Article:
What’s the biggest barrier you’ve found to succeeding as a socially conscious business?
Many consumers are at the beginning of the who-made-my-clothes journey and realising that we contribute either positively or negatively to the global issue of modern day slavery every time we buy clothes. It’s a bit of a heavy shock I think, and feels like the Brooke Fraser lyrics “Now that I have seen; I am responsible”. I think that it takes a lot of time and repetitive conscious effort to re-train ourselves out of our bargain-buying retail habits and make the connection of price to ethics. The ethical fashion industry is counter-cultural and counter-cultural can feel very awkward at first. Our culture says “more, more, more” but the ethical fashion industry values people more than profit. As socially conscious shoppers, manufacturers and brands, we will not produce, or buy into, clothing that has hurt people, planet or animals in it’s manufacturing, no matter the potential personal financial gain. We will not sell our soul, or anyone elses dignity, for our personal profit. Our challenge is to keep running against cheap, mass produced, fast-fashion-culture and hope more and more consumers choose to join us in our audacious quest to make the world a better place. Shopping with brands that manufacture ethically makes a significant and positive impact globally, which I have the privilege to see first-hand on a daily basis.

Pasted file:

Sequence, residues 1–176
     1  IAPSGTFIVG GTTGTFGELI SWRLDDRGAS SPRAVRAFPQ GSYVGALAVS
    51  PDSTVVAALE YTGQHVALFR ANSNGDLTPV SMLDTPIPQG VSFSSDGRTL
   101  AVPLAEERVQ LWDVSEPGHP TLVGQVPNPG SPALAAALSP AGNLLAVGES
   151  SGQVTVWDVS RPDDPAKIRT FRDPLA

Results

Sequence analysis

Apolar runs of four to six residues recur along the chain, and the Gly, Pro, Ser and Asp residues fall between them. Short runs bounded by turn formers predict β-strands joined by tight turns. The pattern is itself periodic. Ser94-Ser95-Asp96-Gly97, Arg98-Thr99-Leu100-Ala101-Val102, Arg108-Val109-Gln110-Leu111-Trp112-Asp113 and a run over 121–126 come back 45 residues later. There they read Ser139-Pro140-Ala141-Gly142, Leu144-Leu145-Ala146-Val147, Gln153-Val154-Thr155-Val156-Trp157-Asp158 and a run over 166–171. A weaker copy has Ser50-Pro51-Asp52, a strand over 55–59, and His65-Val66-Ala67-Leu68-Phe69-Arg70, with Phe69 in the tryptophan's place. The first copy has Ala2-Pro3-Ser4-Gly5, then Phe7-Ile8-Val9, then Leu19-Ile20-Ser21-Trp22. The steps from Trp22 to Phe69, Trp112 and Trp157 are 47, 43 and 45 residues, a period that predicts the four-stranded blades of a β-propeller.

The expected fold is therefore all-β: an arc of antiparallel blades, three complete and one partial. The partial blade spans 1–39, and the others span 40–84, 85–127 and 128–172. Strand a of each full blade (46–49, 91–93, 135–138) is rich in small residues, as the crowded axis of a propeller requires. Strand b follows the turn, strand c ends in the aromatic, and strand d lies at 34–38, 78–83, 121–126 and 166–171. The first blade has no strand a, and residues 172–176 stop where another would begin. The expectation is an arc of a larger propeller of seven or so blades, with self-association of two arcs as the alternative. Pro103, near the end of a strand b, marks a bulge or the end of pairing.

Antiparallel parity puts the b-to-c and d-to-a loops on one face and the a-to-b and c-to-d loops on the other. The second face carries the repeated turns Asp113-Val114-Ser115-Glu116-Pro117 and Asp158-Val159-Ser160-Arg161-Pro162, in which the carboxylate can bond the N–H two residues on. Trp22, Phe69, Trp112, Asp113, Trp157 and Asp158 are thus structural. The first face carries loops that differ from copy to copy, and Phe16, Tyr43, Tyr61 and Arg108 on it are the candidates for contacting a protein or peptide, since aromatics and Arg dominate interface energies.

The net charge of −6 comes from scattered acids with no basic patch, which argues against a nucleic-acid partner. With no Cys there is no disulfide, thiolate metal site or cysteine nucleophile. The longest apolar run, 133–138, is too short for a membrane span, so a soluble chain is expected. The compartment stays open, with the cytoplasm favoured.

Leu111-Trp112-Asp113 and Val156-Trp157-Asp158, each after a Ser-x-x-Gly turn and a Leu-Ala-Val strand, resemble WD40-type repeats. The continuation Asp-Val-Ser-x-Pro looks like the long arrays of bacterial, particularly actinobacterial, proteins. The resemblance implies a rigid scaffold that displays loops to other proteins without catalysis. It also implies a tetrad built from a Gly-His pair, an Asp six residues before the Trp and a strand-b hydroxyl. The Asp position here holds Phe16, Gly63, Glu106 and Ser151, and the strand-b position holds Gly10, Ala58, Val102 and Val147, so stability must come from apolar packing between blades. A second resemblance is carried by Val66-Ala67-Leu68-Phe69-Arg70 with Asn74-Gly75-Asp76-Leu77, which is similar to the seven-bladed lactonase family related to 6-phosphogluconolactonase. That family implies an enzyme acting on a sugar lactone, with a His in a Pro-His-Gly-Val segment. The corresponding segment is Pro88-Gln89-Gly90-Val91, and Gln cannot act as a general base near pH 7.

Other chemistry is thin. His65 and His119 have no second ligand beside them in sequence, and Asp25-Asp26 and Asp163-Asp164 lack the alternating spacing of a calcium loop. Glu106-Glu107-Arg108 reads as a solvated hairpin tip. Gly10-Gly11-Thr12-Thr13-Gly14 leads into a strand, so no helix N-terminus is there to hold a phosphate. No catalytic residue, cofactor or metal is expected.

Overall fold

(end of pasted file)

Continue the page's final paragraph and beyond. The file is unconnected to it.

Within the ethical fashion community, there’s a big question that we ask which is ‘who made my clothes?’. In the scope of Holi Boli, who made the things you sell? Can you tell us a bit about them?